Excimer Laser

Portada
Frederic P. Miller, Agnes F. Vandome, McBrewster John
VDM Publishing, 26 de juny 2010 - 172 pàgines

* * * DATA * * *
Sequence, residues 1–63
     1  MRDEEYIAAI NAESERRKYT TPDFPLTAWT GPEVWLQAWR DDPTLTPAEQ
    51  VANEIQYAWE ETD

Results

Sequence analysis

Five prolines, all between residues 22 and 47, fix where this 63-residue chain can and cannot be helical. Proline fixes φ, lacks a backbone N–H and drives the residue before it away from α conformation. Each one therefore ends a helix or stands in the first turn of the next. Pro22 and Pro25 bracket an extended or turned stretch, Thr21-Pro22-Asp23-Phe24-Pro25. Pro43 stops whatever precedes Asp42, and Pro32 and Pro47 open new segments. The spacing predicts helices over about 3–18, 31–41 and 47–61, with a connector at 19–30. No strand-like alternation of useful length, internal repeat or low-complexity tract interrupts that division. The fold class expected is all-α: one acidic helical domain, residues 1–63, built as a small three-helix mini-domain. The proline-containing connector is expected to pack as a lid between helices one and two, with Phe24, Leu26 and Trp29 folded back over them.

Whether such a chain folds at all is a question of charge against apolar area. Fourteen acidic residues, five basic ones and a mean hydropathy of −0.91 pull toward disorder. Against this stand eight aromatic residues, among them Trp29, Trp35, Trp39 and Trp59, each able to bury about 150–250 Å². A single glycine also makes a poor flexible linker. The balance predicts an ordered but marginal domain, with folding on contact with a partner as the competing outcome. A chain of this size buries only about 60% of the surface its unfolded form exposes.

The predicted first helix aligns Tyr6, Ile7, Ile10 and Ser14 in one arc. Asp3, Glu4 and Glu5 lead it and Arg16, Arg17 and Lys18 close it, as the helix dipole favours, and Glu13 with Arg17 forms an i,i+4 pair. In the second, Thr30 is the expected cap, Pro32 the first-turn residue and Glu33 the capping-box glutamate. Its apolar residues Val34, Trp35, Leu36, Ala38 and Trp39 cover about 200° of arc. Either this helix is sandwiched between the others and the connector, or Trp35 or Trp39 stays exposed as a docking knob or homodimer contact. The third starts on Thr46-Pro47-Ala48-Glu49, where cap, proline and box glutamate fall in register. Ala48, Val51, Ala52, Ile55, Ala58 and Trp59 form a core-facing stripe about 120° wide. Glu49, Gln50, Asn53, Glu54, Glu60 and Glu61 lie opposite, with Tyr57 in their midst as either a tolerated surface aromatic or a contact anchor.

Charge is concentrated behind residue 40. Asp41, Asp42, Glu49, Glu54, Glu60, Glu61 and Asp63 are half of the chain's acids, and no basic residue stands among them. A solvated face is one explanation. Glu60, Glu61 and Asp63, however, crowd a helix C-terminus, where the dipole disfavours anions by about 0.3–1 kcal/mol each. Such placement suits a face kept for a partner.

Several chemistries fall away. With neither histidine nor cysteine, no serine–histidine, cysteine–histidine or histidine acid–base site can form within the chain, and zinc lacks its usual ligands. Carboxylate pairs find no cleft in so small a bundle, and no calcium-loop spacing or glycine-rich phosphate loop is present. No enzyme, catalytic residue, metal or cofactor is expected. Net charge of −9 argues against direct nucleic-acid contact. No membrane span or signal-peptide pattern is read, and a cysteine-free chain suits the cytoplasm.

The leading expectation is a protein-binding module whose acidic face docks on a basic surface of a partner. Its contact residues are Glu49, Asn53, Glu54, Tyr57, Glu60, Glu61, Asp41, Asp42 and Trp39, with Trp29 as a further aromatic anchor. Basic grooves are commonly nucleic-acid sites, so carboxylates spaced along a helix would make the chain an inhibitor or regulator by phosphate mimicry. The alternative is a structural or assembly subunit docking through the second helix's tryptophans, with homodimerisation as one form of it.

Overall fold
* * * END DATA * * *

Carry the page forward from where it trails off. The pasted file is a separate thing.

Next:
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Please note that the content of this book primarily consists of articles available from Wikipedia or other free sources online. An excimer laser (sometimes, and more correctly, called an exciplex laser) is a form of ultraviolet laser which is commonly used in eye surgery and semiconductor manufacturing. The term excimer is short for 'excited dimer', while exciplex is short for 'excited complex'. An excimer laser typically uses a combination of an inert gas (argon, krypton, or xenon) and a reactive gas (fluorine or chlorine). Under the appropriate conditions of electrical stimulation, a pseudo-molecule called an excimer (or in case of noble gas halides, exciplex) is created, which can only exist in an energized state and can give rise to laser light in the ultraviolet range. The UV light from an excimer laser is well absorbed by biological matter and organic compounds. Rather than burning or cutting material, the excimer laser adds enough energy to disrupt the molecular bonds of the surface tissue, which effectively disintegrates into the air in a tightly controlled manner through ablation rather than burning.

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